I grew up in middle-to-upper class suburbia. Helicopter parents, and chain restaurants. Kids wearing Abercrombie and moms driving minivans. I felt safe all the time. But on April16, 2007, that sense of safety was stripped from me. I was sitting in class at Virginia Tech when I heard an unfamiliar popping sound. It sounded like gunfire. During the next eleven minutes, my classmates and I laid on the floor pushing the desks and chairs against the door while the gunman shot at our door and tried to push it open. In those terrible minutes, the gunman killed 30 students and professors in the building, and wounded and traumatized many more.

My recovery journey was far from perfect, but I eventually found my way through the fog. When I reflect on recovery, I realize I learned a lot about counseling, boundaries, confidence, self-care, and feelings. This stuff isn’t taught in school. You learn it by observing those around you.

For those of you who have survived a school shooting or witnessed school violence, I want to share with you what I learned as you return to the school this year.

First, going back to school was harder than I expected. I had a tremendous fear of a shooting happening again. Many people would tell me that it wouldn’t happen again, but I thought to myself, “they don’t know that.” I finally had to accept that there is no guarantee it won’t happen again.

Second, I learned to feel the uncomfortable feelings. I felt survivor’s guilt, fear, anxiety, loneliness, helplessness and self-doubt. I learned that these feelings were telling me something. They were telling me that I didn’t feel safe. Even though I hadn’t been shot, I had been hurt.  As time passed, I was able to rebuild that sense of safety, and acknowledge my own wounds.

Third, I found good listeners. My recovery made great strides when I began connecting with others affected by school tragedy. These people helped me feel less lonely. We bonded. We connected on a level deeper than I connected with some of my closest family and friends.

If you have suffered a traumatic experience in school, getting back in the classroom may be one of the biggest challenges in your life. So here’s my advice: Trust your gut. Listen to your feelings. Write in a journal. Talk to your friends. Hug your friends. Trust yourself. Resist the urge to compare yourself to others. Ask to step out of class when it feels uncomfortable. You got this! And remember, you are not alone.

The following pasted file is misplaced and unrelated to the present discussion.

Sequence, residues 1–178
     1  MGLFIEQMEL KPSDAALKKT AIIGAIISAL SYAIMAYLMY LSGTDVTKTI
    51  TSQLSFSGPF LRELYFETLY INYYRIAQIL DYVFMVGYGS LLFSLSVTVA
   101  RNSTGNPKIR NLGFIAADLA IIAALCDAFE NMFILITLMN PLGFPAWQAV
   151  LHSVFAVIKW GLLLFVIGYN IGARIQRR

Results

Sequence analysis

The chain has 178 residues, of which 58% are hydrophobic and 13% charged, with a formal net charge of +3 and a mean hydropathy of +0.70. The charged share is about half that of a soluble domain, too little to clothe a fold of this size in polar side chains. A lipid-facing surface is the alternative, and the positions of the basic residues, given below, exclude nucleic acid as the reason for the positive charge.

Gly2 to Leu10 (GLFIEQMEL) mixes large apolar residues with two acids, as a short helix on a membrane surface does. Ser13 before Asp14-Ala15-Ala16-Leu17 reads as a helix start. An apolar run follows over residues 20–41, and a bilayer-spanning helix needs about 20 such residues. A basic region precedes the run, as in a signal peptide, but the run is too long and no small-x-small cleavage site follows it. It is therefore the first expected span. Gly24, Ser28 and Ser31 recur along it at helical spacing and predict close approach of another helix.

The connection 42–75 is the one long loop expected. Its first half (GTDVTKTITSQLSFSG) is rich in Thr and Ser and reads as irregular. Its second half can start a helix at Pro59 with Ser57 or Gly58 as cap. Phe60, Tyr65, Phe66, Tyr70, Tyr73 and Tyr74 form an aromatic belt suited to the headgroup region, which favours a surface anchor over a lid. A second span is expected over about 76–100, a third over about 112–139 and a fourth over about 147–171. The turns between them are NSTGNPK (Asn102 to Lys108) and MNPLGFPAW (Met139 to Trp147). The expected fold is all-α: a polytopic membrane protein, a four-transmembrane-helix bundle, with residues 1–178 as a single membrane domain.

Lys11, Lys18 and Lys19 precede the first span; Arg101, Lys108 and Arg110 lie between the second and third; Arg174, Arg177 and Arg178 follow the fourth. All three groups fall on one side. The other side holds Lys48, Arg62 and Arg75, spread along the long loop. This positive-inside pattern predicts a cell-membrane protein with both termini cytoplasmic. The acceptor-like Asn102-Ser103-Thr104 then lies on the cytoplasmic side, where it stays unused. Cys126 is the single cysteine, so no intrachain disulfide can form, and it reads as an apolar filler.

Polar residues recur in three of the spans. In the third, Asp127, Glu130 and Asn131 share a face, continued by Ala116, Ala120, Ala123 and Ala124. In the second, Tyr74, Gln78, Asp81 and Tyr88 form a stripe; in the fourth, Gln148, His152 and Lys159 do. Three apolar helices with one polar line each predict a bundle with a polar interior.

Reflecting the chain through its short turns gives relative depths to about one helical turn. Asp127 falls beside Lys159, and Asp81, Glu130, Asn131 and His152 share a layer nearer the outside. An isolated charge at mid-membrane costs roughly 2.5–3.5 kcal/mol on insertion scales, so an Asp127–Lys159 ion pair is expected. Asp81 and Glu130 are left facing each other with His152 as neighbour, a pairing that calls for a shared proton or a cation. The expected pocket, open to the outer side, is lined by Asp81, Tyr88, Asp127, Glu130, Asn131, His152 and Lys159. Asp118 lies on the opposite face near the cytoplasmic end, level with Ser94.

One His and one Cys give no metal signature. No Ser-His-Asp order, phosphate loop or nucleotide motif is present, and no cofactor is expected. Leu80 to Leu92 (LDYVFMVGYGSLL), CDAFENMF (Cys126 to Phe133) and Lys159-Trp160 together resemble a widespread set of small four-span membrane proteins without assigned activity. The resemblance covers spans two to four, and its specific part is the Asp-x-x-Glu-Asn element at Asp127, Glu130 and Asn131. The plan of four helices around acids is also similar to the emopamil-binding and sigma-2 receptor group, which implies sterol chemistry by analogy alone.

Lisa Hamp, is a survivor, a wife and mother, and national level speaker with Safe and Sound Schools. Learn more about her experiences and work with Safe and Sound Schools at http://www.kirklandproductions.com/lisa-hamp.html

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5 School Safety Tips to Kick Off the School Year

5 School Safety Tips to Kick Off the School Year

By: John McDonald, Executive Director for Security and Emergency Management, Jefferson County Public Schools, Colorado

Now that school is underway and teachers, students, and staff are settling into their new routines, educators have a responsibility to foster a proactive healthy awareness of school safety. From my years working in security and emergency management, particularly my years in the Jefferson County school district in Colorado, I have developed a quick back-to-school safety checklist. These are the first-five items we tackle at the beginning of every school year.

I hope they are helpful to you, as teachers, staff, and administrators, in setting the tone for the new year. And if any parents or students are reading this, I encourage you to share it with your school. I wish you all a productive, smart, fun, and safe school year.

 

  1. As soon as you can (as close to the first day as you can make it), every student needs to be taught what your emergency protocols are in the school. What is lockdown? Where is the evacuation area? What is expected? And if you are in a school where students change classes, you should review exits and protocols in every class as circumstances may change depending on the physical layout.